While the economy barely grew in the spring, the pace of expansion was more rapid than previously believed.
But expectations of a rebound were dampened by a big drop in the sales of new homes in August and a surprising dip in the Midwest’s economy.
The Commerce Department said Friday the economy grew at a sluggish 1.3 percent annual rate in the second quarter of 1995, the slowest pace in more than two years.
That was revised upward from a month-old estimate of 1.1 percent. Still, the government said, the slight difference does not alter the picture of an economy that slowed dramatically in the April-June period.
The department also said sales of new homes fell 9.6 percent in August, the biggest decline in six months, after soaring to a 16-month high in July. Sales were off in every region except the West.
And in another sign of economic weakness, the Chicago Purchasing Management Association said its index of area economic activity dipped to 49.0 from 49.3. A reading below 50 is considered a portent of slower growth.
Also, a consumer confidence index published by the University of Michigan dropped sharply for September, and the Labor Department said lower fuel costs pushed import and export prices down in August.
“Most of the numbers were weaker than expected,” said Carl Palash, chief economist of MCM Money-Watch, an investment firm in New York City. “But we still have an economy that is growing moderately. I think consumption and housing are the main catalysts.”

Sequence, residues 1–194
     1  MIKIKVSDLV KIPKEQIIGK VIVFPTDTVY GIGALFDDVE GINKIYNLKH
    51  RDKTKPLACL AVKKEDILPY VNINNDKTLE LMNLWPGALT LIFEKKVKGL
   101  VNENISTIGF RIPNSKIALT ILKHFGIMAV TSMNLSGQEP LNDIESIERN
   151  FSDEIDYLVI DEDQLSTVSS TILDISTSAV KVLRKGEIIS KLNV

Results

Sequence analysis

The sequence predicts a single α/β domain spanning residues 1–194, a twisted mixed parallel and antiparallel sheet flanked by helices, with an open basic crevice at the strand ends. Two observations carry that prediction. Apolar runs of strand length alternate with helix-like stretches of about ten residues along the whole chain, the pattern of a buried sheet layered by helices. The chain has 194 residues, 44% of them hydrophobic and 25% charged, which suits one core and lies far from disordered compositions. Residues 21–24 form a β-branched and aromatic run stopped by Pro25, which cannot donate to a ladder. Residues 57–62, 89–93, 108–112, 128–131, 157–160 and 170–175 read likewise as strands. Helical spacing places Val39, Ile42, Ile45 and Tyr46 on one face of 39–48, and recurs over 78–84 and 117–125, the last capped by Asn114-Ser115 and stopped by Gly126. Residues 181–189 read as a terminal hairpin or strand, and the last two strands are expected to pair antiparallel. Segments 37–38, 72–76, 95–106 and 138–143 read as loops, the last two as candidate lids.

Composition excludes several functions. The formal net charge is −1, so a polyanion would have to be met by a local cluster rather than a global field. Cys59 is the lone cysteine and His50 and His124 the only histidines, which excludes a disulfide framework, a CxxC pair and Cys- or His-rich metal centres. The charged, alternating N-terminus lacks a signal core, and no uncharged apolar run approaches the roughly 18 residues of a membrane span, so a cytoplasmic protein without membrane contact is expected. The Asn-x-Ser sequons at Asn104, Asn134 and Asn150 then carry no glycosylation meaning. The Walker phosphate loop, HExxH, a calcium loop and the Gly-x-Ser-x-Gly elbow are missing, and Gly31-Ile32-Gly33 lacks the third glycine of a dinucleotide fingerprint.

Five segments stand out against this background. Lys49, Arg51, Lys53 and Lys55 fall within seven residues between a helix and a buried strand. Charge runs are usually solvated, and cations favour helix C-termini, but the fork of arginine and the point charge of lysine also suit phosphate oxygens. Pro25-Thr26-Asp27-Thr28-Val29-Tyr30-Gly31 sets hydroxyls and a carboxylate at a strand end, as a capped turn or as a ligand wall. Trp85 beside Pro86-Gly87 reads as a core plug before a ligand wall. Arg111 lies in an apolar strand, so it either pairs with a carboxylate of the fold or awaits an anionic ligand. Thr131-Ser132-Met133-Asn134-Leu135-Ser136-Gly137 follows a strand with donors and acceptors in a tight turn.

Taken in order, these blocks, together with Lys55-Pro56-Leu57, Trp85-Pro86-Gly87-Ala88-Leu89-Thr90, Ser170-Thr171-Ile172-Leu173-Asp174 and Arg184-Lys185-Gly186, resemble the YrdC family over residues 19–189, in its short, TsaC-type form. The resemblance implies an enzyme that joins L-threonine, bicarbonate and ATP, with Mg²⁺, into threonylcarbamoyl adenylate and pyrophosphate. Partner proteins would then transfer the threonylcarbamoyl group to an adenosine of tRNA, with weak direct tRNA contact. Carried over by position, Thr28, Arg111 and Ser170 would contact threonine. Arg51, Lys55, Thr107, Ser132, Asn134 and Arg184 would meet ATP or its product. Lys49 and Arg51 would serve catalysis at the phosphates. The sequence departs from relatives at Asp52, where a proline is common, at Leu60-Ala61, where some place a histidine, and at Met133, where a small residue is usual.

Palash said the threat of hurricanes in the South could account for much of the drop in home sales, and a truckers strike may have held down economic activity in the Midwest.
Analysts said most evidence still points to a solid recovery in the third quarter, which ends today, and continued improvement the balance of the year.
“The second quarter will clearly end up being the weakest one of 1995,” said economist Bruce Steinberg of Merrill Lynch & Co. “Overall, economic growth remains moderate and inflation therefore remains low.”
The small upward revision in second-quarter gross domestic product was due to higher military spending and more inventory investment by businesses. But overall, businesses have been trimming their stockpiles of goods on shelves and in warehouses as the economy weakened this year.
sponsored According to two 2015 surveys, 62 percent of Americans do not have enough savings to handle an unexpected emergency, much less any long-term plans.